Preparing for the unexpected

A combination of greater awareness, political unrest and regulation are encouraging companies to adopt disaster recovery and business continuity solutions.

Tags: Business ContinuityCommVault Systems IncorporatedDisaster recoveryEMC CorporationHPIBM (www.ibm.com)eHosting DataFort
  • E-Mail
Preparing for the unexpected Organisations in the Middle East have slowly gained awareness of the need for business continuity, but awareness does not always equate to preparedness.
More pics ›
By  Keri Allan Published  July 19, 2012

A combination of greater awareness, political unrest and regulation are encouraging companies to adopt disaster recovery and business continuity solutions.

Disaster recovery (DR) is gaining significant ground in the region as organisations begin to prioritise data protection and focus on good corporate governance and overseas regulations. Research from eHosting DataFort has shown that companies across the Middle East are looking to improve their DR capabilities, with nearly 25% of those surveyed planning to commission an external data centre service provider to create a disaster recovery site.

Awareness of business continuity (BC) management and DR is definitely increasing in the minds of senior management; however, maturity and readiness of companies’ programs still needs to improve. A recent EMC report found that 82% of companies surveyed across the Middle East, Turkey and Morocco are not very confident that they can fully recover systems and data in the event of a disaster and 64% have lost data or suffered downtime in the last 12 months.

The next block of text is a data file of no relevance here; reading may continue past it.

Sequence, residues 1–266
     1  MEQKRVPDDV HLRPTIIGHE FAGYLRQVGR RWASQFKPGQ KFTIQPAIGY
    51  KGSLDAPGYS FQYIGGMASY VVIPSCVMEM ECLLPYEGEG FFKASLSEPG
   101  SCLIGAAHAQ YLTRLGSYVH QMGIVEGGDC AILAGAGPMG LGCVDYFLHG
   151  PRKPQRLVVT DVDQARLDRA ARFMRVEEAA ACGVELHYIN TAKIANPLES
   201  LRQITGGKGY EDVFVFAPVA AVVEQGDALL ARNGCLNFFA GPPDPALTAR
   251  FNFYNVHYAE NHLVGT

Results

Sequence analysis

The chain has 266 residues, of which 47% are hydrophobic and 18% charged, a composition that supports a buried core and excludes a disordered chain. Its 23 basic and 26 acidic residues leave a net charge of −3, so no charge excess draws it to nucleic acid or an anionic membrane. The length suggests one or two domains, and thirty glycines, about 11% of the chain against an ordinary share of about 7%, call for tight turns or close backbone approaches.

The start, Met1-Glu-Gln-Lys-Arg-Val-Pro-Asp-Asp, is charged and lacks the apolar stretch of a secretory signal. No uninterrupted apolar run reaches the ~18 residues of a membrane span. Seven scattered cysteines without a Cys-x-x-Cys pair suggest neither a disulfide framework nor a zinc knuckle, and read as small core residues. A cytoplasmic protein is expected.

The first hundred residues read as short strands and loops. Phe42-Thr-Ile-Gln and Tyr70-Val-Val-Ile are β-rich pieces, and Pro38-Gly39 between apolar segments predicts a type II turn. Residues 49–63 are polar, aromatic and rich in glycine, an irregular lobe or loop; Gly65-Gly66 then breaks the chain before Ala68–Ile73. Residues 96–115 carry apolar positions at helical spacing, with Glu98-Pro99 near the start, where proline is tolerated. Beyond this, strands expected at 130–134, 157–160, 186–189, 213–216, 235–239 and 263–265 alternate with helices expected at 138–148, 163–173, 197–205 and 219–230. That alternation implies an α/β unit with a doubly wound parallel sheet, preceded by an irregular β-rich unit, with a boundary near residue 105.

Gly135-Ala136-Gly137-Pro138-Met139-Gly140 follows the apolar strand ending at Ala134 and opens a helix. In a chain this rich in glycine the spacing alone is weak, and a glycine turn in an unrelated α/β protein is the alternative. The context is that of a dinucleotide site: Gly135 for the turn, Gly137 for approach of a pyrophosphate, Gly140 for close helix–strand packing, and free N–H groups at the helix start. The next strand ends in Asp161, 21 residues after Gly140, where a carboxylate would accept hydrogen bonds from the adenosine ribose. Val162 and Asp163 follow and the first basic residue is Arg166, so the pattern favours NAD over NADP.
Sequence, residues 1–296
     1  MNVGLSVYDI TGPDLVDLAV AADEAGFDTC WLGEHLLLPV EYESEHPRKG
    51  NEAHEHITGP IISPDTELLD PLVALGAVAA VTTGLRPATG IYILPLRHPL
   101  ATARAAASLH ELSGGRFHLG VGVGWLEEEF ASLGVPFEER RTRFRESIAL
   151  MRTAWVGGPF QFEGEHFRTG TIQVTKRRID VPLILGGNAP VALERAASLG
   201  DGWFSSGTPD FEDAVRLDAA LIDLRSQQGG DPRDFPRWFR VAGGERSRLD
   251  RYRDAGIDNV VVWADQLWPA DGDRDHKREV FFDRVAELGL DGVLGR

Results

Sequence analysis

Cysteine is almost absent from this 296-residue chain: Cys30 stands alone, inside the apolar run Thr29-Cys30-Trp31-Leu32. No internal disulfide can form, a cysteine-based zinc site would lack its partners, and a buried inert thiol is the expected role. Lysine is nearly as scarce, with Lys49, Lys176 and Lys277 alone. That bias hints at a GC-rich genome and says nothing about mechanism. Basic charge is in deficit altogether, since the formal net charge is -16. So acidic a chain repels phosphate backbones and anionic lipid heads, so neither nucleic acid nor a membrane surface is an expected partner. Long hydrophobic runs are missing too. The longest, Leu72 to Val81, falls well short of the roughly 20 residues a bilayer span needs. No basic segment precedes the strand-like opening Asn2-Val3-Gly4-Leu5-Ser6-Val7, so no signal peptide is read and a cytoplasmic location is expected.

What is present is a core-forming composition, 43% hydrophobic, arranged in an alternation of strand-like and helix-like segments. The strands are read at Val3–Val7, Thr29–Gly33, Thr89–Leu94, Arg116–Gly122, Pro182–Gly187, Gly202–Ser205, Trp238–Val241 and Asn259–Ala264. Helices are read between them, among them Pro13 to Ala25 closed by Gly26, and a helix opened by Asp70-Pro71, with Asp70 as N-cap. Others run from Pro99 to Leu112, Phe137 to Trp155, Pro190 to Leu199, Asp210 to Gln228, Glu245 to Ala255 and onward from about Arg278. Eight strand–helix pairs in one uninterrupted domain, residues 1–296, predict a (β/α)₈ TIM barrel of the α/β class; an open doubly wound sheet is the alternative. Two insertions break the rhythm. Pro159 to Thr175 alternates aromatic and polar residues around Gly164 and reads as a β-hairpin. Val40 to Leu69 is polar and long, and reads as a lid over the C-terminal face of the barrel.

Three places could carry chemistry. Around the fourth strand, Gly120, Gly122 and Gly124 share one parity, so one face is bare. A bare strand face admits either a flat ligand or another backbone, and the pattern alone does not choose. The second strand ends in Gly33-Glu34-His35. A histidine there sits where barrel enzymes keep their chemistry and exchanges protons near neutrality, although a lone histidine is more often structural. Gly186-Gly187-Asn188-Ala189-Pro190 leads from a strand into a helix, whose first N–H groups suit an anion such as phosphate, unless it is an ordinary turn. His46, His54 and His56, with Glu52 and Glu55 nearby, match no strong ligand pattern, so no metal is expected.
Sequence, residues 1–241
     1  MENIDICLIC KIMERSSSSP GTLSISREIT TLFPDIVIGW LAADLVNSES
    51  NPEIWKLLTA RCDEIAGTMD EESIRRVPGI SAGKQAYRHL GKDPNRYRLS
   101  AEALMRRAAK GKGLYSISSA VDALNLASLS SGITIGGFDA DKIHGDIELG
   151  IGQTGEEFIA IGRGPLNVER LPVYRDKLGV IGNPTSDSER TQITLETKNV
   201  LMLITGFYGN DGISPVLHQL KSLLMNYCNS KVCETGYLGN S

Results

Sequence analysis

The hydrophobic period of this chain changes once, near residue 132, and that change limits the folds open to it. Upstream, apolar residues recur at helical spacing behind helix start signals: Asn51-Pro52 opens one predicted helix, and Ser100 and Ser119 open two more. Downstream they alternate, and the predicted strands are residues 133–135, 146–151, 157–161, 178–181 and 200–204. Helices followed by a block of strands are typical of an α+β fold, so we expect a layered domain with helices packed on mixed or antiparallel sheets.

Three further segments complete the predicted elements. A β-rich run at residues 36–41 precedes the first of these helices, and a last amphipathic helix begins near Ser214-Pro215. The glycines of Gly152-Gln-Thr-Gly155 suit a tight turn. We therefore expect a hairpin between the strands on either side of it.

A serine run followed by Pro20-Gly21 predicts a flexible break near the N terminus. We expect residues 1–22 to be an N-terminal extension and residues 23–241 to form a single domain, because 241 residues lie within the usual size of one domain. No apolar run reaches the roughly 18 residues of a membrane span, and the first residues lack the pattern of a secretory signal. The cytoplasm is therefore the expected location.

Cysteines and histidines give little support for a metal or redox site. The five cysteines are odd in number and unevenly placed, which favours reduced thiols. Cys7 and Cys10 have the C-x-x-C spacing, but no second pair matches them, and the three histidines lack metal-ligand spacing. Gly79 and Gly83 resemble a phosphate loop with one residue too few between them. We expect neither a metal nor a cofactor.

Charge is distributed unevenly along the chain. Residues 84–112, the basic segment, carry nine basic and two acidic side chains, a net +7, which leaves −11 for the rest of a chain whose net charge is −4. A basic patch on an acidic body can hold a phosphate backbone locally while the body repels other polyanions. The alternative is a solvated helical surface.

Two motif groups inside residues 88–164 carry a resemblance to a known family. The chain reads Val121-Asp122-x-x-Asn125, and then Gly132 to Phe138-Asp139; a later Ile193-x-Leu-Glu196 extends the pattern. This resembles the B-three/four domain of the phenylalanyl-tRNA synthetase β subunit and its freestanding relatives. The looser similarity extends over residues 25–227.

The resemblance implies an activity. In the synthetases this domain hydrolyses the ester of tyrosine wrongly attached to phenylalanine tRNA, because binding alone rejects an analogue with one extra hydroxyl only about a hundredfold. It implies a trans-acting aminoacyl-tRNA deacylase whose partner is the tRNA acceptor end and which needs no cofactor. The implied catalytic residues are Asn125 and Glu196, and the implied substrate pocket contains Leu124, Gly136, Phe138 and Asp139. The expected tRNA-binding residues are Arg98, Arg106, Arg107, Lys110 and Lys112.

“Customers are aware of the need for disaster recovery; however, they need to relook at their overall strategy,” highlights Walid Gomaa, business unit and sales manager, HP Storage Division. “We see some policies and documents are in place but when it comes to real implementations, things are different.

“This gap can be addressed by creating a comprehensive strategy supported by documentation about the why, how, when and where; then testing it to ensure that when there is a need to switch to the disaster recovery site, the strategy is proven to be working,” he adds.

The growth of interest in DR/BC is partly due to worldwide events over the last decade, which have driven businesses to think differently about ‘what we do in the event of’ scenarios.

“We believe that any time there are significant social, political, geological or weather related events that occur in a region, companies re-evaluate their IT risk management strategy. This has occurred in other regions as well, such as Japan after last year’s earthquake and Europe during their times of social change,” says Richard Cocchiara, IBM distinguished engineer, global practice leader for IT Risk Consulting.

Since the start of the Arab Spring, specialists in the region have seen an increase in the number of DR/BC initiatives from different industry verticals. “The Arab Spring has had a mixed effect on the Middle East market,” explains Nizar ElFarra, pre-sales manager, EMC.

“Many establishments across different verticals have hastened their decision to invest in DR and/or disaster avoidance solutions that range from rudimentary backup and restore techniques to more elaborate active or active/main DR setups.

The instability in the region has caused a lot of companies to start hosting their systems outside their borders or even have a complete disaster recovery solution outside the Middle East,” ElFarra adds.